LVIV, Ukraine—Irakli Okruashvili, a former defense minister of Georgia, last week joined a Ukrainian foreign-fighter regiment created to face down the Russian invasion in a hurry. Three days later, he and a group of countrymen, former special-forces soldiers, made contact with Russian troops north of Kyiv.
With a U.S.-supplied .50-caliber Barrett M99 single-shot anti-armor precision rifle, the Georgian unit disabled two Russian armed vehicles, Mr. Okruashvili said, before falling under a sustained reply from 152-millimeter howitzer cannons.
After several hours, Ukrainian planes bombed the Russian artillery positions, silencing them.
A combination of international arms and foreign volunteers has joined Ukraine’s efforts to impede the Russian advance in the third week of the conflict, and are now playing a growing role as the fighting spreads.
“We already passed this way in 2008 when we had a war with Russia,” Mr. Okruashvili said, referring to Moscow’s invasion of Georgia that year. “Ukraine is not fighting only for its own freedom, its own sovereignty, its own independence. This is not the war of Ukraine only.”
Kyiv is welcoming all outside assistance. The forces at its disposal are far smaller than those of Russia and are unable to fight on an equal footing. Russia’s armed forces count 900,000 personnel, compared with Ukraine’s 209,000 active troops, according to the International Institute for Strategic Studies, a London think tank. The Ukrainian number doesn’t include recent mobilizations.
Addressing this imbalance, Ukrainian President Volodymyr Zelensky last month announced the formation of the International Legion of Defense of Ukraine, appealing to veteran soldiers outside the country who have specialized skills and experience in war to join the fight.
The international units are a component of the country’s regular armed forces and report to its general staff. Foreigners serve under Ukrainian officers. A spokesman for the group confirmed that some foreign units were already fighting on the front line.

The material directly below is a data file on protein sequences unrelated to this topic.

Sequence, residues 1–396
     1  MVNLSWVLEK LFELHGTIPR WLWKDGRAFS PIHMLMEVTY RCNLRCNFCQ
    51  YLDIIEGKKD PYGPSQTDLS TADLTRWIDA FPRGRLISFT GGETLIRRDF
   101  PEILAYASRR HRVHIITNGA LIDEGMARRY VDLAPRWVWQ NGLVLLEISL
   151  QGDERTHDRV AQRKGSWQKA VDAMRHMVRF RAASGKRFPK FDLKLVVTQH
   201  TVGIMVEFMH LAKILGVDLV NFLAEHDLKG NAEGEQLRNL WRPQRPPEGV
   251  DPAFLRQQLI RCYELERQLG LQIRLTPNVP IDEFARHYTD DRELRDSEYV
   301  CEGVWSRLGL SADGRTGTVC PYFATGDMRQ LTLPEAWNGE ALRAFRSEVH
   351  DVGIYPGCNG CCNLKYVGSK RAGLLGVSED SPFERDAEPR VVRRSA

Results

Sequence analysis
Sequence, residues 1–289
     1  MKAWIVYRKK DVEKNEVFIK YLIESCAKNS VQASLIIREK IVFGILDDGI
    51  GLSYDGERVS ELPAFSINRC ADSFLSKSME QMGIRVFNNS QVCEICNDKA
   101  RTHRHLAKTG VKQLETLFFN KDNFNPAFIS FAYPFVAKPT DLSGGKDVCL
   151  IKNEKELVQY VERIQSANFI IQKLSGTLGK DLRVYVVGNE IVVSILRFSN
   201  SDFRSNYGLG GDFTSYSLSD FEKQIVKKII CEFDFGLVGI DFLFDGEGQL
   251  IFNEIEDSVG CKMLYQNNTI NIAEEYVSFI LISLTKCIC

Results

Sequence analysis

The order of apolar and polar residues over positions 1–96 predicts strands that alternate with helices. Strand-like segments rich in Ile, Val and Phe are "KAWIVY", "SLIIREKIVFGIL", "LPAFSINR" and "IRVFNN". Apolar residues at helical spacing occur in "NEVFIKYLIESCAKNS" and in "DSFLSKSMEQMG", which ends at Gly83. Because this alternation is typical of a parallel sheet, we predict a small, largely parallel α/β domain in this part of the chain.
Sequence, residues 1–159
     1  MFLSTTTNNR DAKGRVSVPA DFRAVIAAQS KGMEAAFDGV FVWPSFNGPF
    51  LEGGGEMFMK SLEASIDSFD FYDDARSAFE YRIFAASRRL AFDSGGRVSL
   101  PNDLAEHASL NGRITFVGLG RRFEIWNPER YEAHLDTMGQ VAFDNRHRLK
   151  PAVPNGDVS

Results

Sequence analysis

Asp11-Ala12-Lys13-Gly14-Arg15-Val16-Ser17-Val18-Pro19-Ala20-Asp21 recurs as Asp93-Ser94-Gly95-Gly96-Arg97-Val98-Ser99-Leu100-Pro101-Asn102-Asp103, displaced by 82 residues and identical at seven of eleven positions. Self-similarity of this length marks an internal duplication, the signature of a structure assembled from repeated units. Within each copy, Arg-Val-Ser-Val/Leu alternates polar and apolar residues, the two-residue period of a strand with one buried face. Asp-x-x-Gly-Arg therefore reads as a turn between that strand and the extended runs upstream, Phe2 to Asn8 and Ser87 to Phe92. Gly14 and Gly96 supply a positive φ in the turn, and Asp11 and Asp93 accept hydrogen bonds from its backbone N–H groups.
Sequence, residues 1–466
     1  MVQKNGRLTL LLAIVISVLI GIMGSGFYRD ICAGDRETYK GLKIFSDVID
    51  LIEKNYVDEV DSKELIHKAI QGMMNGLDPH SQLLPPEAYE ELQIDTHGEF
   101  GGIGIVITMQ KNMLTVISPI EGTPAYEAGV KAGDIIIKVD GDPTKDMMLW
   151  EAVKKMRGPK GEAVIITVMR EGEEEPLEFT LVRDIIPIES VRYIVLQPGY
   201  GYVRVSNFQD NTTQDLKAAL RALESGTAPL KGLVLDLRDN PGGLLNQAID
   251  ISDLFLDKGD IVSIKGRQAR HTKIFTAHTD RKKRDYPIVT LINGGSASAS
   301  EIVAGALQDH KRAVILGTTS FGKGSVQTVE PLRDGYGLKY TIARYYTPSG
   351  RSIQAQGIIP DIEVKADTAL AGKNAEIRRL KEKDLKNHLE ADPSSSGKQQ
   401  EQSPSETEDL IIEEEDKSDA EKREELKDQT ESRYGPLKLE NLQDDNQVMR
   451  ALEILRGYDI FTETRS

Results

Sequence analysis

Russia said it would consider these foreign fighters mercenaries. If captured, a Russian Defense Ministry spokesman said, they wouldn’t “enjoy the status of prisoners of war” under the Geneva Conventions.
The U.S., like many other countries, discourages its citizens from going to fight in Ukraine, as that could have legal and security ramifications. U.K. Foreign Secretary Liz Truss this week withdrew her support for British nationals going to Ukraine to fight after earlier saying she would back them if they wanted to join the struggle. Canadian Foreign Minister Mélanie Joly has said her government understood that people of Ukrainian descent would want to help defend their motherland and that doing so would be up to them.
Kyiv said 20,000 foreigners had enlisted in the International Legion and that there were nearly 13 million visits to the group’s website in its first 24 hours. The Wall Street Journal couldn’t independently verify these figures.
The group is seeking veterans with combat experience, and a number of Americans and British citizens who have served in Iraq and Afghanistan have already registered, the spokesman said.
Ukrainian diplomatic missions abroad have been funneling recruits via Poland, and volunteers have been arriving there from Belarus, Belgium, Germany, Sweden and dozens of other countries, according to an official at the Ukrainian Embassy in Warsaw.
On Friday, more foreign volunteers were at Premsyl train station on the Polish border, preparing to cross over to fight with Ukrainian forces, either with the International Legion or informal groups of fighters. Many carried camouflage backpacks and were speaking English rather than the mix of Slavic languages usually heard there.
A 30-year-old American veteran from Massachusetts said he wanted to help the Ukrainian cause however he could. “I served a tour in Afghanistan,” he said. “I feel like I have decent tools to help these people get out of harm’s way. I have medical skills as well. Anything I can do to help them.”
Matyas Kotyk, 32 years old, said he had served a year in the Czech Republic’s military in 2010. He was also heading into Ukraine, carrying with him only a small backpack. Now a private security guard, he hadn’t told his parents or 4-year-old daughter at home where he was headed.